The late, great Ted Kennedy spoke for millions of Americans - the majority of voters as it turned out - when he described Barack Obama last spring as "the candidate who inspires me, who inspires all of us, who can lift our vision and summon our hopes and renew our belief that our country's best days are still to come."
Sen. Kennedy chose to back Barack instead of his close friend, Hillary Clinton, because he believed Obama was a visionary who would lead our nation into a new era of political change. Unfortunately, President Obama hasn't been looking much like a leader recently.
Instead of the strong, inspired visionary voters chose last November, President Obama has been coming off like a weak-kneed go-along who has bent over backwards to appease his opponents in the healthcare fight. He has failed to vigorously refute the lies and inflammatory hype from Republican leaders and their surrogates in the media and he has bowed under pressure from right wing fanatics on core principals like the public option and the end-of-life provisions. This strategy of over-compromising hasn't won the President support from Republicans or conservative "blue dog" Democrats, but it has alienated and infuriated us liberals who are Obama and the Democratic Party's core supporters.
President Obama needs to flip to another page in the playbook.
Sen. Kennedy was famous for brokering compromises with his Republican opponents, but the "Lion of the Senate" was also renowned as a fierce fighter for liberal causes. President Obama recalled this as he eulogized Kennedy last Saturday saying: "We can still hear his voice bellowing through the Senate chamber, face reddened, fist pounding the podium, a veritable force of nature, in support of health care or workers' rights or civil rights." Mr. Obama needs to take on Sen. Kennedy's ferocious, leonine qualities as he returns to Washington to re-enter the bitter battle over healthcare and the rest of his agenda. It's time for Barack Obama to do some figurative and literal bellowing and fist-pounding of his own.
The President must recognize that he is at war. The Republicans have proven that they don't really want to discuss or debate. They still refuse to rein in the right wing radicals who are spreading lies, fomenting hysteria and setting a tone of violence in the media and at town hall meetings. And they are doing this while opposing beneficial change and supporting the failed conservative policies which have given us soaring federal deficits and nationwide economic collapse.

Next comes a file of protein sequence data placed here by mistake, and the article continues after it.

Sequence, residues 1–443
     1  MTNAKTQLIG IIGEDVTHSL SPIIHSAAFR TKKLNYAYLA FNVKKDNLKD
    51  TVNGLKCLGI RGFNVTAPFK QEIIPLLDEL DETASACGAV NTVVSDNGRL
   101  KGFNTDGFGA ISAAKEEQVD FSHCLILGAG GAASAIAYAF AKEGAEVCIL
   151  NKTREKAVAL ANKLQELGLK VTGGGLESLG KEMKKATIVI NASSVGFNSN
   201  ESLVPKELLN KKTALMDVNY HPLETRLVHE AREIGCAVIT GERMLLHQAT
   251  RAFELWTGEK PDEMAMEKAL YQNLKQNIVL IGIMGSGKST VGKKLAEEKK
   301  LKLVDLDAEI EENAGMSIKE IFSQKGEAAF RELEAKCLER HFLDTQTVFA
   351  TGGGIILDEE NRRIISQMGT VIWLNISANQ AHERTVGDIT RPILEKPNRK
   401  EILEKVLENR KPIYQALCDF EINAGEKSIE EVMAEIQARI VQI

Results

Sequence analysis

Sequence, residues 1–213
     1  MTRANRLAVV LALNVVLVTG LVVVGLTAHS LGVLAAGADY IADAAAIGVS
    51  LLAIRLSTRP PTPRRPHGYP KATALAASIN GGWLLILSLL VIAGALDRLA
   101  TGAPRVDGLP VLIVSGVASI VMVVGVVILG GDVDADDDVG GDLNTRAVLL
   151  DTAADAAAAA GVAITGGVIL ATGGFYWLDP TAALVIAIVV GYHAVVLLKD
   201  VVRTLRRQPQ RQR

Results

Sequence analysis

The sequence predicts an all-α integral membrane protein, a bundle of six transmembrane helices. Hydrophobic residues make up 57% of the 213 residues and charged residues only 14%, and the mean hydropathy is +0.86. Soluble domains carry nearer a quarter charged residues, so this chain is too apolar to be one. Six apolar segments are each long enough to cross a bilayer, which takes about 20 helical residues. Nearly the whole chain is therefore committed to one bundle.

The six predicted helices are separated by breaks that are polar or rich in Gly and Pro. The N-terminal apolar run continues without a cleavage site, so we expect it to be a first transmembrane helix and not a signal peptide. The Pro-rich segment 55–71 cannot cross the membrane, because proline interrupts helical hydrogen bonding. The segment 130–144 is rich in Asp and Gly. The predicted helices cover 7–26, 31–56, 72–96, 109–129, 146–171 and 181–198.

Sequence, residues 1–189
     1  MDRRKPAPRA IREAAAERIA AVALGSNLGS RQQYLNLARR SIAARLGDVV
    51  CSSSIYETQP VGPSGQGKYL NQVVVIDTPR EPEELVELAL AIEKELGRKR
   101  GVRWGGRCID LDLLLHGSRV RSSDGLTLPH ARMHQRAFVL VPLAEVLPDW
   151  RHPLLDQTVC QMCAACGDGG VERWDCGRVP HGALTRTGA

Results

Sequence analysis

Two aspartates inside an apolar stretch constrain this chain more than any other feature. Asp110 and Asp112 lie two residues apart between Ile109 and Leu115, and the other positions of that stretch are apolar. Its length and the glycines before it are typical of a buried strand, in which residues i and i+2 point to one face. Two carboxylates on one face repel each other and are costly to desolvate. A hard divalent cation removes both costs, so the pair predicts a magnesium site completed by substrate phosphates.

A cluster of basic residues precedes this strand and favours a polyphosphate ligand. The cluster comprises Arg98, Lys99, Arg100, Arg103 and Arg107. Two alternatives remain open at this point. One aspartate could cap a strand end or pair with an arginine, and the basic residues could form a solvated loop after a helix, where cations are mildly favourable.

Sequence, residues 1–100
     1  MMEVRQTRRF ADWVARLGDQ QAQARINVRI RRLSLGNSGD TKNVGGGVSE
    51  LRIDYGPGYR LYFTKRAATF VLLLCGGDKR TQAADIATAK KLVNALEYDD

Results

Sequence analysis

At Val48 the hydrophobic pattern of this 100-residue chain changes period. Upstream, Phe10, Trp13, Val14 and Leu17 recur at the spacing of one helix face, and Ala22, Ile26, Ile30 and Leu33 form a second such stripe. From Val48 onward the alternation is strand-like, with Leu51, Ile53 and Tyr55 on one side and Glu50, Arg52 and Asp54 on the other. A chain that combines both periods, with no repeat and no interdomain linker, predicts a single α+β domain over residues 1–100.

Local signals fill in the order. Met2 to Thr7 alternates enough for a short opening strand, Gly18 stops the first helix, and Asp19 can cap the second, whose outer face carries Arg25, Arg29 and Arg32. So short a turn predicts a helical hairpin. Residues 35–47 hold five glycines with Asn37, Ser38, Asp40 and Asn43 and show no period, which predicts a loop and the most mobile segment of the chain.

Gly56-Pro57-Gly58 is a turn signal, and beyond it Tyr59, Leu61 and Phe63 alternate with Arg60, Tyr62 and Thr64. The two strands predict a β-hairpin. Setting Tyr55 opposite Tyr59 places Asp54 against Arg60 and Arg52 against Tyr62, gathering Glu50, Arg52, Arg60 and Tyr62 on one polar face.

So, President Obama needs to start pointing fingers. He shouldn't hide behind euphemisms. He should come right out and blame Republican leaders and the right wing media for obstructing and lying about healthcare reform. Blame the Republicans and the Bush Administration for our economic mess. Blame them and force them into the position of defending themselves.
President Obama should also take 10 or15 minutes of primetime TV time to lay out his healthcare goals. Mr. Obama could cut through the noise and trickery around this issue by going directly to the American people with a simple, straight-forward and inspiring speech smashing the misinformation and illuminating the facts and benefits of reform.
Ted Kennedy knew that he was sick last year when he endorsed Barack Obama as a candidate. He must also have known that he might not live through Obama's first year in the White House. So, Kennedy's stirring endorsement last year was based on his faith that Obama would deliver. Therefore, the best way for President Obama to honor Sen. Kennedy's memory is to justify that faith by straightening his back, taking a strong stand and acting like the visionary leader that he truly is. In doing so, Barack Obama will once again, "renew our belief that our country's best days are still to come."
Thanks for listening. I'm Cameron Turner and that's my two cents.
Think! It ain't illegal . . . yet!